1. Risk of Trumpists and reform list ‘leak’
  2. ‘We have already convinced everyone in Washington’
  3. ‘The less MPs, the better’
  4. From Cubans to evangelists
  5. What about Trump?

With the first-ever outster of a House speaker, and the 2024 election year drawing near, the United States is under a political storm.

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Added to that is the decreasing support for further Ukraine assistance among American voters, Democratic and Republican alike.

Ukraine, however, keeps calm.

"We are preparing to distance ourselves as much as possible from the US domestic policy," a Ukrainian diplomatic source told "We do not want to repeat the mistakes of the last campaign. We have learnt from this experience." found out how Ukrainian president Volodymyr Zelenskyy’s team plans to deal with the US over the next year, why Ukrainian MPs are being shunned, and how Kyiv is preparing for a possible return of Donald Trump—who has brandished his 24-hour peace-for-Ukraine plan—to the White House.

Risk of Trumpists and reform list ‘leak’

"The closer we get to the election, the more irritating statements we will hear," Ukrainian foreign minister Dmytro Kuleba admitted in a recent interview.

Ukraine has so far enjoyed bipartisan support in Congress and has been assured that the US will support Ukraine as long as it takes, two members of the Ukrainian delegation during Mr Zelenskyy's last visit to the US told on condition of anonymity.

Oleksandr Merezhko, a Ukrainian MP who chairs the parliamentary foreign policy committee, says that America’s bipartisan support is stronger in the Senate while the House has to contend with the right-wing Republicans, who want to use the issue of Ukraine in their campaign.

This was one of the reasons for the ouster of House speaker Kevin McCarthy, a Republican, which has put the approval of further Ukraine aid on indefinite hold.

Republicans’ key argument is that Ukraine might be misusing US aid. They are backed up by opinion polls which show that 60 percent of GOP supporters believe that the USD 43 billion in military aid to Ukraine was not worth it.

Poll by the Chicago Council on Global Affairs. Image: The Washington Post
Poll by the Chicago Council on Global Affairs. Image: The Washington Post
Poll by the Chicago Council on Global Affairs. Image: The Washington Post
Poll by the Chicago Council on Global Affairs. Image: The Washington Post

The Biden administration, however, has no issue with Ukraine in terms of possible misuing of its aid, a Ukrainian foreign ministry source told

"During the president’s visit, no one made specific claims, even behind closed doors. No one showed any lists to us," the source said.

They mean a letter from the US state department with a list of reforms, published in Ukrainian media, that Ukraine should carry out in order for American financial aid to continue.

The publication came as a surprise to the Ukrainian presidential office.

"Usually, such things are not published," a member of the Ukrainian delegation during Mr Zelenskyy's visit to the US tells on condition of anonymity.

The leak was not made by the Democrats, who could have theoretically killed two birds with one stone, a foreign ministry source said.

On the one hand, it would help the Democrats show the Republicans that the Biden administration also pays attention to the targeted use of US aid. On the other hand, it would also help them demonstrate the same to their voters.

But the decision on funding is a bipartisan one, Mr Merezhko says. "It doesn't look like any party is trying to prove anything," he stressed.

‘We have already convinced everyone in Washington’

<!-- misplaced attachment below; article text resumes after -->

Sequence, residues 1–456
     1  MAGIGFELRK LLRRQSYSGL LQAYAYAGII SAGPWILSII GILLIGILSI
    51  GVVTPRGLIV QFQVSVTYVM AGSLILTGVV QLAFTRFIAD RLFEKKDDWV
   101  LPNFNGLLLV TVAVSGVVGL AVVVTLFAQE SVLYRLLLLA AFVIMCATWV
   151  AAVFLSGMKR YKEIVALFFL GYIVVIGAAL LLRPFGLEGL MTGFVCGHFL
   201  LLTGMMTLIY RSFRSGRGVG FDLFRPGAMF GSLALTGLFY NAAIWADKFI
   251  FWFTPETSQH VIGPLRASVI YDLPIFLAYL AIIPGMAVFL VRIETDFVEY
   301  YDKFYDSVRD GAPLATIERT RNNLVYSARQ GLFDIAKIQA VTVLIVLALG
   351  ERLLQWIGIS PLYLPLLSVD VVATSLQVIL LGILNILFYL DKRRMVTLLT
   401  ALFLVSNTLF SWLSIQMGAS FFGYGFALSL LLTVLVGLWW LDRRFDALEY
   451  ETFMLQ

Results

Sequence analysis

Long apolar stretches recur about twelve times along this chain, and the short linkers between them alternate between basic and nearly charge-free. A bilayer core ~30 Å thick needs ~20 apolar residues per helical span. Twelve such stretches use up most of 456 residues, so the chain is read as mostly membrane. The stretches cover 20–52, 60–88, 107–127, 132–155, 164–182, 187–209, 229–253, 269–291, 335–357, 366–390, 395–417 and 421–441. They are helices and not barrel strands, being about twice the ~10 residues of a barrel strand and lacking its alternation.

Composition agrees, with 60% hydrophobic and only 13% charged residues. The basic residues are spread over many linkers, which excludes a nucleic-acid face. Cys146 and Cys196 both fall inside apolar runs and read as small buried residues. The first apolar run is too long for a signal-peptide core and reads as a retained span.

Ukraine’s key strategy for the coming year is do not harm.

"The Ukraine card will be played [in the United States] for political purposes in any case. It is crucial for us not to start behaving like the card being played ourselves," a government source tells

"We need to strike a balance here, which we actually managed quite well in 2019. We walked between the cracks then."

"We do not interfere in the internal processes of the United States, but we constantly prove that Ukraine's victory is an important issue for the national security of the United States," Ukraine's ambassador to the United States Oksana Markarova told, a Ukrainian news media outlet, in an interview.

Ms Markarova was not immediately available for comment.

She said the embassy sends a special bulletin about the war, Russian war crimes, transparency, and the fight against corruption to American lawmakers every day. But what matters is whether they read it at all—and that’s why personal promotion is important.

This is where views within the Ukrainian government diverge.

Volodymyr Zelenskyy with Senate Republican minority leader Mitch McConnell and Democratic majority leader Chuck Schumer. Photo: EPA
Volodymyr Zelenskyy with Senate Republican minority leader Mitch McConnell and Democratic majority leader Chuck Schumer. Photo: EPA

Mr Merezhko is convinced that it is necessary to mobilise English-speaking MPs at various levels to advocate for Ukraine in American states far from Washington.

"They could go to churches, to mosques, to synagogues, [and] meet the local press. Americans live local lives. They read the local press, watch local television," he explains.

Personally, some congresspeople assure that they are for Ukraine but ask "to convince their voters why they should give money and weapons," Mr Merezhko says.

Yehor Cherniev, another MP who leads the Ukrainian delegation to the NATO parliamentary assembly, agrees.

"In Washington, we have already convinced everyone who could be convinced," he tells "We have to work with American voters directly."

Americans generally do not like the ‘as long as it takes’ approach promoted by the White House, explains Alyona Getmanchuk, director of the New Europe Center, a Ukrainian think tank, and nonresident senior fellow at the Atlantic Council.

And it is not necessarily because they do not want to support Ukraine, but because this approach is associated with an endless war, a prospect that many Ukrainians are not enthusiastic about as well.

‘The less MPs, the better’

Not everyone in the Ukrainian government agrees that MPs could represent Ukraine internationally.

National security and defence council secretary Oleksii Danilov recently said that Ukraine is represented abroad only by the president and three other top officials, while "the rest are tourists".

Mr Chernev disagrees, recalling that "it was parliaments that pushed their governments to provide certain types of weapons".

"Parliamentary diplomacy should be continued. Not only in the United States, but also in other countries that are friendly to us," the MP said.

Volodymyr Zelenskyy during a closed-door meeting with US senators. Photo: EPA
Volodymyr Zelenskyy during a closed-door meeting with US senators. Photo: EPA

The source in the Ukrainian presidential administration says Mr Danilov’s words were taken out of context and should be viewed in the light of Mr Zelenskyy’s December 2021 decree, which states that only the president, prime minister, and foreign minister can make official statements on Ukraine's foreign policy.